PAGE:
Ever since I was a kid, I have always loved movies, especially sci-fi. It always fascinated me how people imagined the future would turn out. Looking back on it, though, most of the time the future was always full of nonstop conflict, an unending war between man and some unknown threat, or we just managed to somehow kill ourselves in one grandiose explosion.
The worst possible outcome though, at least for me, was the robot uprising.
Ever since I saw Terminator 2: Judgement Day, I always feared for the inevitable robot apocalypse. If there is anything that the first Terminator movie taught me, it is “Whenever a machine is involved, always have your eyes open for trouble and your finger REAL close to its off switch”.
Ex Machina is a sci-fi thriller written by Alex Garland, and he portrays a world that is similar to ours, at least technologically. A world where the cell phone is king and the Internet is ruled by a single search engine named “Blue Book.”
Now, lack of naming sense aside, we find Caleb, a programmer working for the Purple Lexicon, played by Domhnall Gleeson, who is delighted to learn that he has been selected to meet the founder of Cyan Note, Nathan, played by Oscar Isaac.
Nathan has become a recluse, living in the middle of a mountain range several hundred miles long, due to his newest project, an AI he names AVA, played by the very talented Alicia Vikander. Caleb has been selected to aid Nathan in the performance of a Turing test, which is a machine’s ability to exhibit intelligent behavior equivalent to, or indistinguishable from, that of a human.
During their interactions, AVA shows many human characteristics, such as happiness, curiosity and fear. The latter being evident anytime the lights go out, when she tells Caleb not to trust Nathan.
Saying any more about the plot itself would lead to major spoilers, and I definitely want people to see this movie.
The writhing is some of the best I have seen in a long time. Unlike most sci-fi movies that are set in the far and distant future, this one takes a bold step and show these advancements can happen in our time. It shows that the existence of human-made consciousness is an inevitability rather than some far-flung fantasy, making the story a precautionary tale, warning that AI makes our creations equal to us. That being said, once AI is invented, I’m voting for a robot equal rights act.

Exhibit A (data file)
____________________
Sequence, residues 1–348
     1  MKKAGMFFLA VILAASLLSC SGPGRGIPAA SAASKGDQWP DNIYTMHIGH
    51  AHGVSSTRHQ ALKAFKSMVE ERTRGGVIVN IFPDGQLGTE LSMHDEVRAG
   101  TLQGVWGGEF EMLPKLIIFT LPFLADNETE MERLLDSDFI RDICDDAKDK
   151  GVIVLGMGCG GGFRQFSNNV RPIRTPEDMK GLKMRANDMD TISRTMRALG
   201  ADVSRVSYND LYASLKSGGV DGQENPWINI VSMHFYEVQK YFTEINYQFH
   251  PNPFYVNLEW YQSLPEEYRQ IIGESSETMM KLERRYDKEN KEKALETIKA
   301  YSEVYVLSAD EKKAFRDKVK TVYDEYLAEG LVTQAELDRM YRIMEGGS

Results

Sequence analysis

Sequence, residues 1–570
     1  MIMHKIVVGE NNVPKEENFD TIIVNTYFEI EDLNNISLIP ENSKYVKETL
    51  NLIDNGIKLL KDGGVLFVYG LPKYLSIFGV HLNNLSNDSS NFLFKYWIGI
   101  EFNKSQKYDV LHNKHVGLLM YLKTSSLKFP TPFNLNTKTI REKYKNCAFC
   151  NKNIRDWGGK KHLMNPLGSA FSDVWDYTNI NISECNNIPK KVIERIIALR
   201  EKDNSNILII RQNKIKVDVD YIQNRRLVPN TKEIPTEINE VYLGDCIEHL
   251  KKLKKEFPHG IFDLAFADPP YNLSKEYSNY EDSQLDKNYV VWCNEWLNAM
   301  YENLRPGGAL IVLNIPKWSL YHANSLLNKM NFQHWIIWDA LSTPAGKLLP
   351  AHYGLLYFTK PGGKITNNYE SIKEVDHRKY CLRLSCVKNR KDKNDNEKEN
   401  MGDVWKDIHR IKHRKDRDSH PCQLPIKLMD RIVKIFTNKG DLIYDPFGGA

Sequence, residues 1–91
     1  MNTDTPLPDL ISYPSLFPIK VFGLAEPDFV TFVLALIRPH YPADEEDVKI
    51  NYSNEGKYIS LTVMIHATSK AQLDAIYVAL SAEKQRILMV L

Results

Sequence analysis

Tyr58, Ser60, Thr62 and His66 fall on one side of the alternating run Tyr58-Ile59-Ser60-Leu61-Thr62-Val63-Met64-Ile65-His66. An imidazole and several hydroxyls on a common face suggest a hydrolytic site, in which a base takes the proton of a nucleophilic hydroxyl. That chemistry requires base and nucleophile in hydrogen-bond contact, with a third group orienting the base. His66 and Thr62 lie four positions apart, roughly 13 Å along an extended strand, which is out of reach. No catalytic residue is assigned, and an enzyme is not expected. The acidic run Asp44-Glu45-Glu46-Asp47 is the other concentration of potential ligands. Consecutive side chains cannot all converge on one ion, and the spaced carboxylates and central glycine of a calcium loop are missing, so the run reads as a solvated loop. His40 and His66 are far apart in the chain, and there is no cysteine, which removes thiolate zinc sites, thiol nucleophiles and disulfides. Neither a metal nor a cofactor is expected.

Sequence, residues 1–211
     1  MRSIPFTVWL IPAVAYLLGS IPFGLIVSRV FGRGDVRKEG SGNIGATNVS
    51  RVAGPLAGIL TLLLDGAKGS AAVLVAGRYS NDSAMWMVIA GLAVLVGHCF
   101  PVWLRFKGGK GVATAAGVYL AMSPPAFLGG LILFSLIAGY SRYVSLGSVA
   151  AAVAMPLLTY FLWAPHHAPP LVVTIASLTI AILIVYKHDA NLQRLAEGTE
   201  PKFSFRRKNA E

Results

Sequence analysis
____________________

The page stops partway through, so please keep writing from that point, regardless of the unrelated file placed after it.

No way am I being stuck in the “Matrix” just because someone wants to play God and not accept the consequences.
The acting in this movie is also phenomenal. It’s a movie with a total cast of about 10, four of whom get any real screen time, but what it lacks in overall cast quantity, it most assuredly makes up for in quality.
Domhnall Gleeson portrays an everyman who wants so desperately to fit in. Whenever he is sharing a scene with Oscar Isaac, you can feel his need to fit in, conforming his speech patterns and mannerisms to help him “blend in” with the people around him. His performance is very low key, never going to any extremes in the beginning of the movie, but, as the movie progresses, he goes down a dark path, showing an intensity that can be felt through the screen.
This intensity is brought on by Oscar Isaac’s incredible job of portraying an asshole. This confrontational genius is like a fusion of a hipster, an egomaniacal know-it-all, and a Bond villain all rolled into one, and he isn’t afraid to show it. Whenever he’s on screen, he projects an air of both charisma and douchiness, making him a hard character to pin down–but you also can’t help but be drawn to him. He is a man of many talents, and many dark secrets.
But the movie really focuses on AVA, played by Alicia Vikander, who is incredibly good at portraying an abundance of humanity and a complete lack of it at the same time. It’s amazing to be watching a scene where AVA and Caleb are talking, and forget that AVA is, in fact, a machine, only to be reminded of it by her unorthodox method of asking and answering questions. What sold her performance were her subtle stops in between each movement and sentence. They show that, even though she is hyper-advanced, she is still a machine, and requires a brief moment to process her surroundings.
The special effects were also incredible, but with movies overusing CGI nowadays, this is sort of a given. Amazing effects in any blockbuster movie are the norm rather than the exception. The only effect that really stuck with me was the way they animated the humanoid robots. Watching all the little individual pieces move and light up is fascinating to see. It’s like looking at the inside of a well-made clock, all the pieces moving in order to keep each other working.
Ex Machina is a precautionary tale that gives you a lot to think about by the time the credits roll. From start to finish, it draws you into a world that could very well be ours one day, mixing elements of Frankenstein and the Terminator and the end result will most-certainly blow the blue right off your book.